A state judge in Wisconsin is allowing a GOP-led review of the 2020 election to proceed in the state, turning back — at least temporarily — a bid to stymie the probe led by the Democratic state attorney general.
In Wisconsin, former state Supreme Court Justice Michael Gableman is leading an investigation of the 2020 election with the blessing of state Assembly Speaker Robin Vos. Election experts have warned that post-election partisan reviews, like the one in the state, are harmful to the democratic system because they can serve as vehicles to legitimize, rather than allay, former President Donald Trump’s conspiracy theories about widespread fraud in the 2020 election.
Dane County Circuit Court Judge Rhonda Lanford issued a ruling on Monday that denied state Attorney General Josh Kaul’s bid to undercut Gableman’s probe. Kaul sought to block a subpoena Gableman sent to Wisconsin Elections Commission Administrator Meagan Wolfe to compel her testimony.
Kaul’s suit sought a temporary injunction to stop the subpoena, arguing in part that it should be unenforceable because it was too broad and because it sought Wolfe’s testimony in private rather than in public.
Lanford denied Kaul’s challenge on procedural grounds, writing in her decision that the plaintiffs “have not shown irreparable injury, an inadequate remedy at law or preservation of the status quo — elements necessary for the Court to consider in deciding whether to grant a temporary injunction.”
But Lanford also allowed Kaul’s challenge to Gableman’s subpoena to continue, as he looks to permanently block enforcement. Lanford denied a motion from the former judge to entirely dismiss Kaul’s suit.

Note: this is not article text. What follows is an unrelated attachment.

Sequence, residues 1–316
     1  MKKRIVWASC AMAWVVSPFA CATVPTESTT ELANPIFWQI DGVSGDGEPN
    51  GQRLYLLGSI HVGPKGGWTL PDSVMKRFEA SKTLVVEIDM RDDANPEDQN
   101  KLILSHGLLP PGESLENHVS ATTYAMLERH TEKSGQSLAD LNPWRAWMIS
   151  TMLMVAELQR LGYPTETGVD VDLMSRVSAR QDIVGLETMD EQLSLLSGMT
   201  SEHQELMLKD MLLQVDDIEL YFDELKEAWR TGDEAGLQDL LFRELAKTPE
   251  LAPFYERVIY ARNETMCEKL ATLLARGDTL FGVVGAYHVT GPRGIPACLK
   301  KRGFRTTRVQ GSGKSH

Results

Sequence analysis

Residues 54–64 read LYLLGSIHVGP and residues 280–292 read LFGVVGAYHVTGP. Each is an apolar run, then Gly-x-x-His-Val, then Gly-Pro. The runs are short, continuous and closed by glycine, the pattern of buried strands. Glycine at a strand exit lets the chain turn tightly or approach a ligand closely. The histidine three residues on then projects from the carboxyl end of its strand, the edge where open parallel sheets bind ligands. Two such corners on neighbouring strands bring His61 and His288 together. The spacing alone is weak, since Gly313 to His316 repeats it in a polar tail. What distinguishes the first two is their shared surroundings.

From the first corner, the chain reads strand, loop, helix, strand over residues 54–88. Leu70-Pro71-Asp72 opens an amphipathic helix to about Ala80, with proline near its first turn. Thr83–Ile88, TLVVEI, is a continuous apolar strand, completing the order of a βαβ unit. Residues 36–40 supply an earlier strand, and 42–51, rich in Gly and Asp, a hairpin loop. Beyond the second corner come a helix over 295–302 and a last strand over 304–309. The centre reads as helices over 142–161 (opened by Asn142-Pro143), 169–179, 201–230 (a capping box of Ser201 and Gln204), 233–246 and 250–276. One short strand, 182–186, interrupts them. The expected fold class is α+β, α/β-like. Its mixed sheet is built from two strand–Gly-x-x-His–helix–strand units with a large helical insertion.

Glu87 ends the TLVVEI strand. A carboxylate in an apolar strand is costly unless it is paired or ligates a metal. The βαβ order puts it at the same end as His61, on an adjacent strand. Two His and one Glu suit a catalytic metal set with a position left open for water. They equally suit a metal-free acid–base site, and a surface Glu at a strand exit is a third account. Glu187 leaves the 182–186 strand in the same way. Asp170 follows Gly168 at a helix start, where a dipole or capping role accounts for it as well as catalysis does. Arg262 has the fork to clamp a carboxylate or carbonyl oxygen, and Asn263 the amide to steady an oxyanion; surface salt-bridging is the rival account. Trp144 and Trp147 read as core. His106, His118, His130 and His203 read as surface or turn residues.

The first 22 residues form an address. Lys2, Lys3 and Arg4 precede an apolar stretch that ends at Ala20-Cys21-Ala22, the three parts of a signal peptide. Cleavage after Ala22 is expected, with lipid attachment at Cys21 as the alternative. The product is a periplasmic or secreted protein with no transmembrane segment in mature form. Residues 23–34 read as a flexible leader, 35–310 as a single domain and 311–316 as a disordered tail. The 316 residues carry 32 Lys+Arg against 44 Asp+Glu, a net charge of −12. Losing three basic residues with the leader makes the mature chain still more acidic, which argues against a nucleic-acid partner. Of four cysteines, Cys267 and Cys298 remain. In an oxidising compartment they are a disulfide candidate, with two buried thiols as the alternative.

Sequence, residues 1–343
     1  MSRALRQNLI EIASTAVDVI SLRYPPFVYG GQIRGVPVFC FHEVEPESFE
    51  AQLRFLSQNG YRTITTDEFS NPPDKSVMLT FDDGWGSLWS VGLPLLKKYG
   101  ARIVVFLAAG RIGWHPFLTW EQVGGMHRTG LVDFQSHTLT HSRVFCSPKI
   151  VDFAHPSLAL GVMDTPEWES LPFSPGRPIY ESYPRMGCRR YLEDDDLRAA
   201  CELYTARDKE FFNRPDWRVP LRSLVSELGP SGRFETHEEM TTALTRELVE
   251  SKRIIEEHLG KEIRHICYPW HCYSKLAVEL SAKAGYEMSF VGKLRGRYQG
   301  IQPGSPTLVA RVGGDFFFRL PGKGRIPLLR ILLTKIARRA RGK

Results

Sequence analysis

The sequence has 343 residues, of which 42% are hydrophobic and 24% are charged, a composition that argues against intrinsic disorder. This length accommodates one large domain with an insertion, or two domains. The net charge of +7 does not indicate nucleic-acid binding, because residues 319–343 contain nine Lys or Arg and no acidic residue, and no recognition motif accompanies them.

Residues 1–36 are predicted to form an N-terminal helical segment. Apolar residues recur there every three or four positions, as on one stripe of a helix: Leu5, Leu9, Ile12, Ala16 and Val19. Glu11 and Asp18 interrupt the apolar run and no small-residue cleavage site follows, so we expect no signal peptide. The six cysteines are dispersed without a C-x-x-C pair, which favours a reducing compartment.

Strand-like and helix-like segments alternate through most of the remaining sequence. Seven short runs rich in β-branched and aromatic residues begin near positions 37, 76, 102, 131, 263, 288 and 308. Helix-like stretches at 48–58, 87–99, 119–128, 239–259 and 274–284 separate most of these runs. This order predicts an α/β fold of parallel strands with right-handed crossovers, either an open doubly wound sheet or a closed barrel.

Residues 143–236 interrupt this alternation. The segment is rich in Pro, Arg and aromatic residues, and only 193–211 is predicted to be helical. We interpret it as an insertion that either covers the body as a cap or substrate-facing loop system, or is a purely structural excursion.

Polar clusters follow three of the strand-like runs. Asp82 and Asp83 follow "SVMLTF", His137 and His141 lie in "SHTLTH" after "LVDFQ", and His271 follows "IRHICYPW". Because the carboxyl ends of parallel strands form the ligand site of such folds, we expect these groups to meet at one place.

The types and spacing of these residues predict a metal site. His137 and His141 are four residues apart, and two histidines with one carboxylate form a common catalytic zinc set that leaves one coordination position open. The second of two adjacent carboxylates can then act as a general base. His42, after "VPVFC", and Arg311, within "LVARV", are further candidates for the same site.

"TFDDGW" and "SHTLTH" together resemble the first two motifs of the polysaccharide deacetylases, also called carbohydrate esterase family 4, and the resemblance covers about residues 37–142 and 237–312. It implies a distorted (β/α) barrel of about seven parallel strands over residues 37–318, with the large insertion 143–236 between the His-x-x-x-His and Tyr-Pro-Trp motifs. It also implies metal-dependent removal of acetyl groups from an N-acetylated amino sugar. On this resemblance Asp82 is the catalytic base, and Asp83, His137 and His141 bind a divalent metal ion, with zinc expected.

In a recent interview with WISN-TV, Vos said that he hoped Gableman’s probe would wrap up by the end of February, so that the Republican-controlled chamber could consider new legislation. Vos also said he has spoken to Trump a half-dozen times about the review.
“Given Speaker Vos’ recent comments indicating that the Gableman investigation will soon be coming to a close, it is my hope that former Justice Gableman will withdraw these unnecessary subpoenas rather than continuing to litigate over them,” Kaul said in a statement after Monday’s ruling was issued.
Lanford’s ruling will likely have an effect on other lawsuits in the state. Gableman has threatened jail time in an effort to enforce separate subpoenas of the mayors of Madison and Green Bay. Those issues are part of a separate suit being heard in Waukesha County, with a hearing scheduled for later this month.
Lanford also allowed for the possibility of a temporary injunction in the future, writing that should Gableman “seek to enforce the subpoenas before this case is decided on the merits through contempt, imprisonment or other means similar to the action pending in Waukesha County … Plaintiffs can certainly file another motion for temporary injunction that the Court will schedule as soon as its calendar permits.”